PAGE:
Chartres

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Chartres

(shär`trə), city (1990 pop. 41,850), capital of Eure-et-Loir dept., NW France, in Orléanais, on the Eure River. Chartres is of great historic and artistic interest; it is also a regional market with many industries, including metallurgy, and the production of perfumes and electronic equipment. An ancient town, it was the probable site of the great assemblies of the druidsdruids
, priests of ancient Celtic Britain, Ireland, and Gaul and probably of all ancient Celtic peoples, known to have existed at least since the 3d cent. BC. Information about them is derived almost exclusively from the testimony of Roman authors, notably Julius Caesar, and
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. The Normans burned it in 858. During the Middle Ages Chartres was the seat of a countship; it became a possession of the French crown in 1286. Francis I made it a duchy in 1528. Chartres' fame today stems largely from its magnificent Gothic Cathedral of Notre Dame (12th to 13th cent.), remarkable for its two spires (375 ft/114 m and 350 ft/107 m), its stained glass windows, and its superb sculpture. It is widely considered to be the finest Gothic cathedral in the world. Henry Adams in Mont-Saint-Michel and Chartres made it a symbol of the medieval spirit. Inside the cathedral St. Bernhard of Clairvaux preached the Second Crusade (1146) and Henry IV was crowned king of France (1594).

Chartres

 

a city in northern France, situated on the Eure River. Capital of Eure-et-Loir Department. Population, 72,000 (1975). Chartres is a transportation junction and commercial center of an agricultural region. It has enterprises for the manufacture of agricultural machinery, electrical equipment, fertilizers and other chemical products, pharmaceuticals, and food products, mainly flour and beer. The city also produces decorative glassware and ready-to-wear clothing.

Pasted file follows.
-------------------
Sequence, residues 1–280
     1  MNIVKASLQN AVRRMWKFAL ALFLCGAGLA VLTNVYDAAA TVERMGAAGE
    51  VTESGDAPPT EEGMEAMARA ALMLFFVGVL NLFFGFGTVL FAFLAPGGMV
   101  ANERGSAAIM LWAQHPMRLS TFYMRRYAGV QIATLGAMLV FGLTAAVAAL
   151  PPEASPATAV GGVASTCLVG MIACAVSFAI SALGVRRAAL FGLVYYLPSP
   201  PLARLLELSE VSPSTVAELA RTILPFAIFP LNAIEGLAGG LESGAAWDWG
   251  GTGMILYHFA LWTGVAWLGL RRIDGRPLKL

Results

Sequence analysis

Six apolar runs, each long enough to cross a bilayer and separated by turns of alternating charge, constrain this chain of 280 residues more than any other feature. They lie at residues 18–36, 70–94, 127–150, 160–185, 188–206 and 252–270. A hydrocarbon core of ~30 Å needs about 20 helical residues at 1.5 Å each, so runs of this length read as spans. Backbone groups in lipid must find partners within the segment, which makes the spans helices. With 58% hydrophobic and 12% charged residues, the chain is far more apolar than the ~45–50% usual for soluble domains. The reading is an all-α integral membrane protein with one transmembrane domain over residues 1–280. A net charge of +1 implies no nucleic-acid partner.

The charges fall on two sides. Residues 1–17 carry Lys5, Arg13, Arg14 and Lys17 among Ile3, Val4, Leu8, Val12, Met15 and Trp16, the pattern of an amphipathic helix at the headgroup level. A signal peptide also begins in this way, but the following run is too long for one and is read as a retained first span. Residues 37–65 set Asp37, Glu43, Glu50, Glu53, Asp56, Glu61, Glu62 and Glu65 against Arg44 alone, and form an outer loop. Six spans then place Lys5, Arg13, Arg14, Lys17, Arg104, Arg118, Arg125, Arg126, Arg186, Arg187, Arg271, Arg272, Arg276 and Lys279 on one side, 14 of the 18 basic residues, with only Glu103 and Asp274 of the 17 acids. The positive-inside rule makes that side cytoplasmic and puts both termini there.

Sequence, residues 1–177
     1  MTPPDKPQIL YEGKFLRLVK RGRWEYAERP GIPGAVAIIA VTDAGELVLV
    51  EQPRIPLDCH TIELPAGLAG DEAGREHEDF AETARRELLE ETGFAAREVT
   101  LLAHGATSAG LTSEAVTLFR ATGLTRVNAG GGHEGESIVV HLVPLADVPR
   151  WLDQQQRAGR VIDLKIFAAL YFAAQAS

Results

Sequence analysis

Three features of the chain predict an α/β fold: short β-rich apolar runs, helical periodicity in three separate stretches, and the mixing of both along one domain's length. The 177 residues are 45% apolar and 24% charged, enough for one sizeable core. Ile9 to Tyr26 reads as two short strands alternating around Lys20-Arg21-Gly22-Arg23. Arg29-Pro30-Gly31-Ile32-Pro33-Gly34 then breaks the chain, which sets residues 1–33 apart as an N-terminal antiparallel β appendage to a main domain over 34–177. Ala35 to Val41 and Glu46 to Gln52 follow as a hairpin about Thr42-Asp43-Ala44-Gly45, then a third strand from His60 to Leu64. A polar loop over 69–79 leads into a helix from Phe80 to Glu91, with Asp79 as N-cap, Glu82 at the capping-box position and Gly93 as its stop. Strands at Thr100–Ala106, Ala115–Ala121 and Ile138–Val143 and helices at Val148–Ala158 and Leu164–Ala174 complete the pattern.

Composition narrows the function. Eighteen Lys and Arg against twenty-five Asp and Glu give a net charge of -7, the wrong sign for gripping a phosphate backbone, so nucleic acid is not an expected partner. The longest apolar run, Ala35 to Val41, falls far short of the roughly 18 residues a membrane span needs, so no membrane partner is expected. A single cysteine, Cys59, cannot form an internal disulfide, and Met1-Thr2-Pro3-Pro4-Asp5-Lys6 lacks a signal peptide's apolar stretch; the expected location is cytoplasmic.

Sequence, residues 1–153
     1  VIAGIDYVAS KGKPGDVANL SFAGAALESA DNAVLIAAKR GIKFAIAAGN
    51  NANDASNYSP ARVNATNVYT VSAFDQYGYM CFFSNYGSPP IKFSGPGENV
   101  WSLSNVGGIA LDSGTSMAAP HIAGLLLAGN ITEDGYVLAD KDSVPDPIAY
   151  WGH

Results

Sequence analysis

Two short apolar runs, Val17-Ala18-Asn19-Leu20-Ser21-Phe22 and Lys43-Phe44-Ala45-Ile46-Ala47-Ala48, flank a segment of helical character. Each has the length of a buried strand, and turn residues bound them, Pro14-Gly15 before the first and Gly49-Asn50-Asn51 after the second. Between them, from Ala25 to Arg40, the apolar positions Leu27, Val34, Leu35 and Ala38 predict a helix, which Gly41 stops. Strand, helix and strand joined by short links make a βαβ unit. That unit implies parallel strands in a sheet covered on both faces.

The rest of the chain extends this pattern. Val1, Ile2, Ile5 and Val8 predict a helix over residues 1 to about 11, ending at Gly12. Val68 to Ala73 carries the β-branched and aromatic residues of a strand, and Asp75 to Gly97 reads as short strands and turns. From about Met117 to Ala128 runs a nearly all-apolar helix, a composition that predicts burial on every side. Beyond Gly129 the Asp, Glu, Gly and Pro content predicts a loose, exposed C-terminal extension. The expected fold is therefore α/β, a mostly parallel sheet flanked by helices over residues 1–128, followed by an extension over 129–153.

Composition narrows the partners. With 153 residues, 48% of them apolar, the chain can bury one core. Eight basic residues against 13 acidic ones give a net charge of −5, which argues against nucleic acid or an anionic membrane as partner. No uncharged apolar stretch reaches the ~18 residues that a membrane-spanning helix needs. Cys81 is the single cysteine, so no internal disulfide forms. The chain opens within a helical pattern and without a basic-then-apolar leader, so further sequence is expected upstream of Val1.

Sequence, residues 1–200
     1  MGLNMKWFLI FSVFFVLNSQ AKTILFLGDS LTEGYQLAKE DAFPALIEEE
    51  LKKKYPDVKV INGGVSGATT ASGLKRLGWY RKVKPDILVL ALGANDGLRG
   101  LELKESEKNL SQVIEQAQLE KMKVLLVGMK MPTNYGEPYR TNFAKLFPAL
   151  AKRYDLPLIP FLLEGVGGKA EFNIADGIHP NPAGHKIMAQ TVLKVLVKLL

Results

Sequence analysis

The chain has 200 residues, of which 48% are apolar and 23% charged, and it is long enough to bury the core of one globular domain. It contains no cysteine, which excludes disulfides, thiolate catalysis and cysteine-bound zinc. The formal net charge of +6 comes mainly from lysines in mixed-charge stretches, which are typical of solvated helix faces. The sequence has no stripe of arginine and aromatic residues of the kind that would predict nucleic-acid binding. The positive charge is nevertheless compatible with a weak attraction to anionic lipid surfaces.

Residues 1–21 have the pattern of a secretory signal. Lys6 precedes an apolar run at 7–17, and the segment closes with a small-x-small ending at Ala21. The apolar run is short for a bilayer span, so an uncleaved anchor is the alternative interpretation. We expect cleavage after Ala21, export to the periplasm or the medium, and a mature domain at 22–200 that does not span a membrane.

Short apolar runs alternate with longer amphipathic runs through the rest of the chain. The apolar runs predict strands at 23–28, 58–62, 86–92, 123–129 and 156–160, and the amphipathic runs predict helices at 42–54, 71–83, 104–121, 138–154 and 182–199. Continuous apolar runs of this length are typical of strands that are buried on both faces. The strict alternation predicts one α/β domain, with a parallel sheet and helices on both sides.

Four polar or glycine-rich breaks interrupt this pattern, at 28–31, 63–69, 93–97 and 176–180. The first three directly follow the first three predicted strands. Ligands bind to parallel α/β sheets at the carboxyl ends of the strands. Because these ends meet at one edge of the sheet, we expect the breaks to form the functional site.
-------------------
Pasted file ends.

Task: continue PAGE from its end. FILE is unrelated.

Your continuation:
The center of Chartres has preserved its medieval plan. Its numerous buildings dating from the 13th to 18th centuries include the Romanesque abbey of St. Pierre (12th–13th centuries), the churches of St. Brice (11th century) and St. Andre (12th century), the Gothic cathedral of St. Pierre, and the Renaissance cathedral of St. Aignan (16th-17th centuries).

Chartres is famous for the cathedral of Notre Dame, originally built in the Romanesque style in the 11th century. The old cathedral was destroyed by fire in 1194; only the crypt and the base of the west tower were preserved. It was rebuilt in the High Gothic style by 1260, and additional construction was carried out between the 14th and 16th centuries. The cathedral is also known for the rich sculptural work of its Romanesque royal portal on the west (1145–1155) and the Gothic portals on the north and south. It is especially noted for its stained-glass windows (12th–13th centuries).

REFERENCES

Clerval, J. A. Guide Chartain: Chartres, sa cathédrale, ses monuments, 5th ed. Chartres, 1924.
Delaporte, V. Notre-Dame de Chartres. [Album. Paris, 1957.]

Chartres

a city in NW France: Gothic cathedral; market town. Pop.: 40 361 (1999)
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